Ethnic differences in the +405 and −460 vascular endothelial growth factor polymorphisms and peripheral neuropathy in patients with diabetes residing in a North London, community in the United Kingdom

Zitouni, K., Tinworth, L. and Earle, K.A. 2017. Ethnic differences in the +405 and −460 vascular endothelial growth factor polymorphisms and peripheral neuropathy in patients with diabetes residing in a North London, community in the United Kingdom. BMC Neurology. 17, p. 125. doi:10.1186/s12883-017-0905-3

TitleEthnic differences in the +405 and −460 vascular endothelial growth factor polymorphisms and peripheral neuropathy in patients with diabetes residing in a North London, community in the United Kingdom
AuthorsZitouni, K., Tinworth, L. and Earle, K.A.
Abstract

Background: There are marked ethnic differences in the susceptibility to the long-term diabetic vascular complications including sensory neuropathy. The vascular endothelial growth factor (VEGF) +405 (C/G) and -460 (T/C) polymorphisms are associated with retinopathy and possibly with nephropathy, however no information is available on their relationship with peripheral neuropathy. Therefore, we examined the prevalence of these VEGF genotypes in a multi-ethnic cohort of patients with diabetes and their relationship with evident peripheral diabetic neuropathy.

Methods: In the current investigation, we studied 313 patients with diabetes mellitus of African-Caribbean, Indo-Asian and Caucasian ethnic origin residing in an inner-city community in London, United Kingdom attending a single secondary care centre. Genotyping was performed for the VEGF +405 and VEGF -460 polymorphisms using a pyrosequencing technique.

Results: Forty-nine patients (15.6%) had clinical evidence of peripheral neuropathy. Compared to Caucasian patients, African-Caribbean and Indo-Asian patients had lower incidence of neuropathy (24.6%, 14.28%, 6.7%, respectively; P = 0.04). The frequency of the VEGF +405 GG genotype was more common in Indo-Asian patients compared to African-Caribbean and Caucasian patients (67.5%, 45.3%, 38.4%, respectively; p <= 0.02). The G allele was more common in patients with type 2 diabetes of Indo-Asian origin compared to African-Caribbean and Caucasian origin (p = 0.02). There was no difference between the ethnic groups in VEGF -460 genotypes. The distributions of the VEGF +405 and VEGF -460 genotypes were similar between the diabetic patients with and without neuropathy.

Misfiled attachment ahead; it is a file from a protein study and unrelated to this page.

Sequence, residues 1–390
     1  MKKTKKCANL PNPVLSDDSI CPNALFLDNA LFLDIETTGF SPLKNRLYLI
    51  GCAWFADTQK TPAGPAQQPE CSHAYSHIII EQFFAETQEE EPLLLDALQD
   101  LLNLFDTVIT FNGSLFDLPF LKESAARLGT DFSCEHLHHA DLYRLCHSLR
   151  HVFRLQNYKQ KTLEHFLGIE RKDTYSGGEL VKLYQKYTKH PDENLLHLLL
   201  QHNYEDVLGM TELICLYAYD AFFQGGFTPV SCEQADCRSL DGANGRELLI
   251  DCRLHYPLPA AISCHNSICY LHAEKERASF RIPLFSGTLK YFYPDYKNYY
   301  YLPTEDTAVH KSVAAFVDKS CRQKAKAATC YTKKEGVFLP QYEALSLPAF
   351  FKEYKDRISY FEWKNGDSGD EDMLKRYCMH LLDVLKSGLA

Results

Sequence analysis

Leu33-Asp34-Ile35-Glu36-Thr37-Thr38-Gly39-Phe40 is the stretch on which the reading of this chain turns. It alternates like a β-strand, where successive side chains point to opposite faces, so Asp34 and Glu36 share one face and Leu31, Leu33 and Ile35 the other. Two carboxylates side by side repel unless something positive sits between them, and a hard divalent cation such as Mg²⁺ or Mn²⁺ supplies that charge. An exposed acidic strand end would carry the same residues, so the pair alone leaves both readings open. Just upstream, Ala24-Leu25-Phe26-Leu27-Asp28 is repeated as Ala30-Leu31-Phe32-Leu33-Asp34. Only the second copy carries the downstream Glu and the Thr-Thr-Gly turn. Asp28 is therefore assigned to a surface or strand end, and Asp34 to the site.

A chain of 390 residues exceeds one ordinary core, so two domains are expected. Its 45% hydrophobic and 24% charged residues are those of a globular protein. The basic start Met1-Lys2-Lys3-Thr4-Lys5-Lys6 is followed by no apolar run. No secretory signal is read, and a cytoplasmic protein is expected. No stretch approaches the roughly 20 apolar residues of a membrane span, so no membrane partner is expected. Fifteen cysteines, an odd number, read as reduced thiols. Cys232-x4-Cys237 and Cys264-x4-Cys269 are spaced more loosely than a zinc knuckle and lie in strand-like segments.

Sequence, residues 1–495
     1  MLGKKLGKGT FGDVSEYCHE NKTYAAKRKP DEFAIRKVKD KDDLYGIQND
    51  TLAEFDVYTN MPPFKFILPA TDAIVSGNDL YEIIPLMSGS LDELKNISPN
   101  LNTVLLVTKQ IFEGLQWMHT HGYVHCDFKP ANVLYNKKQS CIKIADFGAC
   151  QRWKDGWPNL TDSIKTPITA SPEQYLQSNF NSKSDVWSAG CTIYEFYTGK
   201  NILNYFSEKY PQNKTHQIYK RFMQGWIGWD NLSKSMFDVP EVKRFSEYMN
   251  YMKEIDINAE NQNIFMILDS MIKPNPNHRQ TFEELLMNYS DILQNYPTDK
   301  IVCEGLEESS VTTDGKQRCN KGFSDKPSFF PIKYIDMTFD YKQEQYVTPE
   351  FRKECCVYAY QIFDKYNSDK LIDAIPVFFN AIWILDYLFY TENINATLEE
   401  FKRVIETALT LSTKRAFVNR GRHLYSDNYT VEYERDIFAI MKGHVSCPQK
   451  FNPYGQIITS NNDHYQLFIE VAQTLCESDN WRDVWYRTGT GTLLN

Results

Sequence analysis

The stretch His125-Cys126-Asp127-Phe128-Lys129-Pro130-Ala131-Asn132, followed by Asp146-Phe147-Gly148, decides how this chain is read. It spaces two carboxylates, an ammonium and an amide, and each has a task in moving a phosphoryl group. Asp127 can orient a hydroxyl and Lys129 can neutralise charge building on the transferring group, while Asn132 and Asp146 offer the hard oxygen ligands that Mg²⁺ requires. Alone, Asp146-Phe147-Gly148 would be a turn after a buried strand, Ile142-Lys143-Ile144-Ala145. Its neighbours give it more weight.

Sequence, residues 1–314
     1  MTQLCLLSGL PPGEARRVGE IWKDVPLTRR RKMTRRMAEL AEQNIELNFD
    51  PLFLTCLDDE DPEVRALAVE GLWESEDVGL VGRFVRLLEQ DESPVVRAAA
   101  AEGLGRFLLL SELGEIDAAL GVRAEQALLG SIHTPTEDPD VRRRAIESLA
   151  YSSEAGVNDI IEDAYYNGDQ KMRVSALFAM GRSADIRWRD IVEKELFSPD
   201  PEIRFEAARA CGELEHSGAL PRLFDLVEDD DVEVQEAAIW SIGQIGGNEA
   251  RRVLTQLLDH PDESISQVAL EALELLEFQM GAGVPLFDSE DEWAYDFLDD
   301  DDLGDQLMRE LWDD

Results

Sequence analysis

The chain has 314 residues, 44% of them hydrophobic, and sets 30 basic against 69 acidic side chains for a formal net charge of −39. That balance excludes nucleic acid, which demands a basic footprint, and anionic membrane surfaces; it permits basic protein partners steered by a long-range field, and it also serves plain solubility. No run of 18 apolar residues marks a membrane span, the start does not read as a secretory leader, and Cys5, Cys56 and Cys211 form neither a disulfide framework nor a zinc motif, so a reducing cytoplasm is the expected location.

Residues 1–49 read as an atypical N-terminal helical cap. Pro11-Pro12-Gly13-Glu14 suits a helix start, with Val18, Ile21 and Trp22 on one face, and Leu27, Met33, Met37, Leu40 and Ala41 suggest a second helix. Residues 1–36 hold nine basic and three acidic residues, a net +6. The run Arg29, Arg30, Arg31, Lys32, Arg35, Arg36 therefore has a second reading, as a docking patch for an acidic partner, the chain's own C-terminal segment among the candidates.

Conclusions: In this cohort of patients, VEGF +405 and VEGF -460 polymorphisms were not associated with evident diabetic peripheral neuropathy, however an association was found between VEGF +405 genotypes and Indo-Asian which might have relevance to their lower rates of ulceration and amputation. This finding highlights the need for further investigation of any possible relationship between VEGF genotype, circulating VEGF concentrations and differential vulnerability to peripheral neuropathy amongst diabetic patients of different ethnic backgrounds.

KeywordsDiabetes; Peripheral neuropathy; Ethnicity; VEGF; Gene polymorphism; Pyrosequencing; Microvascularization
Article number125
JournalBMC Neurology
Journal citation17, p. 125
ISSN1471-2377
Year2017
PublisherBioMed Central
Digital Object Identifier (DOI)doi:10.1186/s12883-017-0905-3
Publication dates
Published29 Jun 2017
LicenseCC BY 4.0

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